Context matters. It activates identities in the minds of voters, and campaigns provide cues for the types of considerations that will influence voters at the ballot box. The 2018 midterm election campaign activated sex, but it also activated gender, and the strength of a voter’s masculinity and femininity no doubt had a discernible impact on how they cast their ballots.The Conversation


Elizabeth Goodyear-Grant is an associate professor the Department of Political Studies at Queen’s University, director of Queen’s Institute of Intergovernmental Relations, and director of the Canadian Opinion Research Archive. Amanda Bittner is an associate professor in the Department of Political Science at Memorial University of Newfoundland.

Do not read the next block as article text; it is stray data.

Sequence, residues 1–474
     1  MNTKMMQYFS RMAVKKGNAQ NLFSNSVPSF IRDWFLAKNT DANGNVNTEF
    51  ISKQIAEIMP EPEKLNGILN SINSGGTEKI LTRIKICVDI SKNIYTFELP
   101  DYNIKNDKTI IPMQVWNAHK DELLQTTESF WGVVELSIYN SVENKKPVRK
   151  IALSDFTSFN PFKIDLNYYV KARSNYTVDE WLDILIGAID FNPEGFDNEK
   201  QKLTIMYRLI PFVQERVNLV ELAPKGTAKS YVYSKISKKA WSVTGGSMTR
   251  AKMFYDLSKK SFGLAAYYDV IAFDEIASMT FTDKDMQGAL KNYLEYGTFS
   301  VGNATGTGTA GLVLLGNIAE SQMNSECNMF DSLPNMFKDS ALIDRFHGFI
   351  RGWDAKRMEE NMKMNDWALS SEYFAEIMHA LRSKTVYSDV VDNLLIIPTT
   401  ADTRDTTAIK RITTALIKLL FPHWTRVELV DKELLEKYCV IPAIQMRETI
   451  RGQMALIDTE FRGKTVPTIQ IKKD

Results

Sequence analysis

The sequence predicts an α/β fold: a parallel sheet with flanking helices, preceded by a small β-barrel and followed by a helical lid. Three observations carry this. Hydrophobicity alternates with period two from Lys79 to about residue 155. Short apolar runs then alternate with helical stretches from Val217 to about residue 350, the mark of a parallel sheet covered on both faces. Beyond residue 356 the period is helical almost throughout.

The Conversation provides news and views from the academic and research community. Queen’s University is a founding partner. Queen’s researchers, faculty, and students are regular contributors. 
The Conversation is seeking new academic contributors. Researchers wishing to write articles should contact Melinda Knox, Associate Director, Research Profile and Initiatives, at knoxm@queensu.ca

This article is republished from The Conversation under a Creative Commons license. Read the original article.

Supporting future success

New apprenticeship program gives Queen’s University graduates a boost in their job search.

New Queen’s University graduates have been given a unique opportunity for employment thanks to a donation from benefactor and parent of a Queen’s Arts and Science graduate, Alan Rottenberg. The funding has been used to create the Queen’s Career Apprenticeship: Kingston program.